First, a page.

Published: 2013-12-13 17:33:00
Updated: 2013-12-13 17:37:39
Posted December 13, 2013
By Tony Rice
The Geminid meteor shower peaks this weekend, but Friday night will probably be our only night to enjoy the show. Clouds are expected to move in early Saturday morning.
The Geminids are the last big meteor shower of the year. The rate of meteors observed has been as high as 150 meteors per hour. Many astronomers list it as their favorite not just because it tends to produce a higher number of visible meteors and the relatively slow speed the meteors travel across the sky, but also because their source is so weird.
Unlike August's Persieds, October's Orionids, or April's Lyrids, December's Geminids originate from dust and rock spewing from an asteroid rather than a comet. Asteroid 3200 Phaethon was discovered in 1983 by NASA's IRAS space telescope. Astronomers think that heating from the sun is causing it to break down, leaving a trail of rock and dust behind. As Earth passes through that trail, we are treated to meteors or "shooting stars."
However, this weekend's nearly full moon will make seeing dimmer meteors a challenge, reducing expectations to 40 - 60 meteors visible per hour. Here in North Carolina, clouds are expected to move in after midnight and further spoil our view. By the prime meteor viewing hours between 4am and dawn, mostly cloudy skies are expected.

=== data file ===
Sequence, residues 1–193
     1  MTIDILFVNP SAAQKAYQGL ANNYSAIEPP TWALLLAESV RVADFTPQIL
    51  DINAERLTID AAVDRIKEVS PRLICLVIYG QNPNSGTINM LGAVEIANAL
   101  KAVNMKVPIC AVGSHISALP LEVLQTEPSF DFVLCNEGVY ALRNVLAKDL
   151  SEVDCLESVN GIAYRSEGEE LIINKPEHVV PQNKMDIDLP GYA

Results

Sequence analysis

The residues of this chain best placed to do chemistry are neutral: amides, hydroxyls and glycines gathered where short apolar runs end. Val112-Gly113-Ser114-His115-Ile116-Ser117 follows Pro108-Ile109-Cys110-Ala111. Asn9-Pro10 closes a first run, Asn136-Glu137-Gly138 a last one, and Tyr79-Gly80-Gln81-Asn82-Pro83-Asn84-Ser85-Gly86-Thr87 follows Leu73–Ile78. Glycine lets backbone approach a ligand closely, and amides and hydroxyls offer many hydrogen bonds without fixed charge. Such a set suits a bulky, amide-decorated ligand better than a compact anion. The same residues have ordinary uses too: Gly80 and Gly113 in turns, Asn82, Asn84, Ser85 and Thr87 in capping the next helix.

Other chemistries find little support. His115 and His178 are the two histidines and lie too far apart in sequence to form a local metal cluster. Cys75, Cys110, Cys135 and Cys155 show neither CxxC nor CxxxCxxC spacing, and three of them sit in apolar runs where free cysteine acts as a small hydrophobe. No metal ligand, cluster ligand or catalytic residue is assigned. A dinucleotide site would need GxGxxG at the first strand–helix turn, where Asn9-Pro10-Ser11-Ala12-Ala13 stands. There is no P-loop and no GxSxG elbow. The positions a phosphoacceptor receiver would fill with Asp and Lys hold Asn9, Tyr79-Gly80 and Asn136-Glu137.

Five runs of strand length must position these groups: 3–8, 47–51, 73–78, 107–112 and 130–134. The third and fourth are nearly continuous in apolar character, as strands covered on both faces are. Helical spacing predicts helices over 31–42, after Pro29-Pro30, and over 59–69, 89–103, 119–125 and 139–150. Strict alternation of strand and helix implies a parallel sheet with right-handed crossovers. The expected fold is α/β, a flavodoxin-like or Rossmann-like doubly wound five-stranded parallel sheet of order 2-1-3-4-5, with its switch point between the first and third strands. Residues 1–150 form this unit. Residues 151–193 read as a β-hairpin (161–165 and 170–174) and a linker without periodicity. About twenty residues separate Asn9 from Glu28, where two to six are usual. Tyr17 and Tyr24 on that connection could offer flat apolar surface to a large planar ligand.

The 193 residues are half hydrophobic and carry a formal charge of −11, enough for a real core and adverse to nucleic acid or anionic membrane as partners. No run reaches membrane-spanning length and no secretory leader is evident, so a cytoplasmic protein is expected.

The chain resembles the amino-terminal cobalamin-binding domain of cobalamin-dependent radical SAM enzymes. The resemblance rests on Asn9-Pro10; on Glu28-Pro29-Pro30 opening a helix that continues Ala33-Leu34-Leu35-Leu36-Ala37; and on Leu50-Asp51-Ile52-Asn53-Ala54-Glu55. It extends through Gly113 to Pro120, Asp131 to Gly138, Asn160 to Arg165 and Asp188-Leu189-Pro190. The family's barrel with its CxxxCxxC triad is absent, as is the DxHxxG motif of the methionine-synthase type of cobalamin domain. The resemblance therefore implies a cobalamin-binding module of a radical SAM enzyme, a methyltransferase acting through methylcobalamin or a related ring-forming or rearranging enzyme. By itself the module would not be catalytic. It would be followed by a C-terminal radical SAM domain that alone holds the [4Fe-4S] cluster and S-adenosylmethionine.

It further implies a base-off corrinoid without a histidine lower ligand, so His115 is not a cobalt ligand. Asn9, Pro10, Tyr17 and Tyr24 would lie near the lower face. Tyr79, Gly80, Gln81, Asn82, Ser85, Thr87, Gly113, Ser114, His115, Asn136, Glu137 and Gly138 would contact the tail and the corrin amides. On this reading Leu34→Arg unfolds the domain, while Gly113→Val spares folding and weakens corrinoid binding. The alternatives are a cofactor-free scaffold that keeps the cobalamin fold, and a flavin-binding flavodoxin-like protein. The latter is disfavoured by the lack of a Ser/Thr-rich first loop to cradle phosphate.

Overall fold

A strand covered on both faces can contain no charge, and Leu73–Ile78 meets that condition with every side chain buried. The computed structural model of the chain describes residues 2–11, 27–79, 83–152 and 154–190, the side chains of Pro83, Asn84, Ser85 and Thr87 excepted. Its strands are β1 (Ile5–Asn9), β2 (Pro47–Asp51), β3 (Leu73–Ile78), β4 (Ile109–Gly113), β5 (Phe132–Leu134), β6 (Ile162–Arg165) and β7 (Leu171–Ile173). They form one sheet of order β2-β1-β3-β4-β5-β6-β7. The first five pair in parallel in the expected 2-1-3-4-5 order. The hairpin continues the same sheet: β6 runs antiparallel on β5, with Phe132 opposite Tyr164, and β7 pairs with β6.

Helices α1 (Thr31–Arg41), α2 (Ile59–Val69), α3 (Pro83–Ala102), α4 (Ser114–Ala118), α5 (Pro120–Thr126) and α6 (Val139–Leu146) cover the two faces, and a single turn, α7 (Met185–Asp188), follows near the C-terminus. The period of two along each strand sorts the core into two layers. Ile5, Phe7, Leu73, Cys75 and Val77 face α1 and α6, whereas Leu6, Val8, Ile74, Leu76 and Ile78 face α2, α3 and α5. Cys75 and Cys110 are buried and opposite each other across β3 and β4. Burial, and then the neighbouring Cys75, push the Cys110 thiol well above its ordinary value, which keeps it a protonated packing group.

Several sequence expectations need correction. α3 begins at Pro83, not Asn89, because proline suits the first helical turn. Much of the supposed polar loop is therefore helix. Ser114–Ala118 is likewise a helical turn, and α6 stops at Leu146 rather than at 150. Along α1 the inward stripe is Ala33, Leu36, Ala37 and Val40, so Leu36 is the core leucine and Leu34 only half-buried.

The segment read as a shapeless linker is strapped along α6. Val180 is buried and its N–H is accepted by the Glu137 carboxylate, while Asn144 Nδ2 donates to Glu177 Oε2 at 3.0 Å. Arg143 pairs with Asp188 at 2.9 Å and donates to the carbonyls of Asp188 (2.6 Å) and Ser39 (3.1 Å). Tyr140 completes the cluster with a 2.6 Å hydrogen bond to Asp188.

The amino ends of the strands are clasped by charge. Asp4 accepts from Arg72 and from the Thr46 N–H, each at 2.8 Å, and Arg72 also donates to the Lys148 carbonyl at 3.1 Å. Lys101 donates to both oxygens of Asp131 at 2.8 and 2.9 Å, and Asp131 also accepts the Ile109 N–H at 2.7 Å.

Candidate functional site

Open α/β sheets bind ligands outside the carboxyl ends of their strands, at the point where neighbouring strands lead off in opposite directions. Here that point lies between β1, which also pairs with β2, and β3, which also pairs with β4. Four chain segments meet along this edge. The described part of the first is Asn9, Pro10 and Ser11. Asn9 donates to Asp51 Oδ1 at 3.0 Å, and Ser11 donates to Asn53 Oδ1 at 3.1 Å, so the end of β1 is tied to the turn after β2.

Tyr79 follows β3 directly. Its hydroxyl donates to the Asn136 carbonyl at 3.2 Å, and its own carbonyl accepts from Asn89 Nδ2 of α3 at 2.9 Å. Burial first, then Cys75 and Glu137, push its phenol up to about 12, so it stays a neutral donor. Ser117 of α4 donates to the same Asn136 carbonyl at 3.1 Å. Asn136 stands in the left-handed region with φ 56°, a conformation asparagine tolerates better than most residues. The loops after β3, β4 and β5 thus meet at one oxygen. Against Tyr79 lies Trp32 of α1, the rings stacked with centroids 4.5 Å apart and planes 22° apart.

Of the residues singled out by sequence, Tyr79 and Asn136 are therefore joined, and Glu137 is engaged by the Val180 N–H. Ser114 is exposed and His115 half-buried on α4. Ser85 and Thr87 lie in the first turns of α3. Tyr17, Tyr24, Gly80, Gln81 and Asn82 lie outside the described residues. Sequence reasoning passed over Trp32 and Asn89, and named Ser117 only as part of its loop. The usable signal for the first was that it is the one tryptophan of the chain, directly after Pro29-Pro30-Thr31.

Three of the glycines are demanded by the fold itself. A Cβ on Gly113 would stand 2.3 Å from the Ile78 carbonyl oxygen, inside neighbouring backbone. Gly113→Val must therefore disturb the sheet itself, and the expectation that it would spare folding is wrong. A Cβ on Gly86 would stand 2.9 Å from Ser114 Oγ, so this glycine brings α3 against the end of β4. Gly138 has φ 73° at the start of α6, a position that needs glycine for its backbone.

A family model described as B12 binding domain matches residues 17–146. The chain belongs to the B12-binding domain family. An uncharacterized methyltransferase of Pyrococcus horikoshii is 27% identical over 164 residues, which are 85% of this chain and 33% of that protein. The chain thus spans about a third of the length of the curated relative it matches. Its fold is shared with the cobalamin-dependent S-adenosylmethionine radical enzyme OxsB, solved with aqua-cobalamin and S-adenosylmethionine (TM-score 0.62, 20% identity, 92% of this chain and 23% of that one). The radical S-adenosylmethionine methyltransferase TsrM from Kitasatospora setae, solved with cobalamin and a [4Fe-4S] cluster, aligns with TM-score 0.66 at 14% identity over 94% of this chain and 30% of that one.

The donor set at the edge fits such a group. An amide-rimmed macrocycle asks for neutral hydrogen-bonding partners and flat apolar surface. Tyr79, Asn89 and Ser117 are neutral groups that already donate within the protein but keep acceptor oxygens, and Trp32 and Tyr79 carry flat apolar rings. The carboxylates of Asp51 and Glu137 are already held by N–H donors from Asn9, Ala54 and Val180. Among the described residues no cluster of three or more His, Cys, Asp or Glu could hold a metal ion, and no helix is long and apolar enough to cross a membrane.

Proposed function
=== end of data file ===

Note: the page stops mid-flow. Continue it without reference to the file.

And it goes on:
Though conditions are less than ideal, it is still worth going outside to catch the cosmic display. Give yourself a few minutes to allow your eyes to adjust to the darkness, and you will see much more.
Bundle up, temperatures are expected to be in the high 30s around midnight, dipping close to freezing overnight. I find a steaming cup of hot chocolate enhances my ability to spot meteors as well, especially the Geminids.
Meteors will appear to radiate from above Castor and Pollux, the bright stars of the constellation Gemini, but may appear anywhere in the sky. The even brighter object to the right is Jupiter. A decent pair of binoculars will reveal Jupiter's moons Ganymede (above the planet), Io (just below) and Europa (further below).
Even with the clouds and the moon getting in the way of the show, you can still experience it online from the warmth of your home. The Slooh online observatory begins a free online viewing of the event from their website as well as their free iPhone/iPad app beginning at 5:30 pm EST from their all-sky camera in the Canary Islands off Africa. The webcast will be hosted by astronomer Bob Berman.
NASA will also have a live chat from 11 pm EST to 3 am EST with astronomer Bill Cooke answering questions. The webcast will include a feed of the all-sky camera over the Marshall Space Flight Center in Huntsville, Ala.
Tony Rice is a volunteer in the NASA/JPL Solar System Ambassador program and software engineer at Cisco Systems. You can follow him on twitter @rtphokie.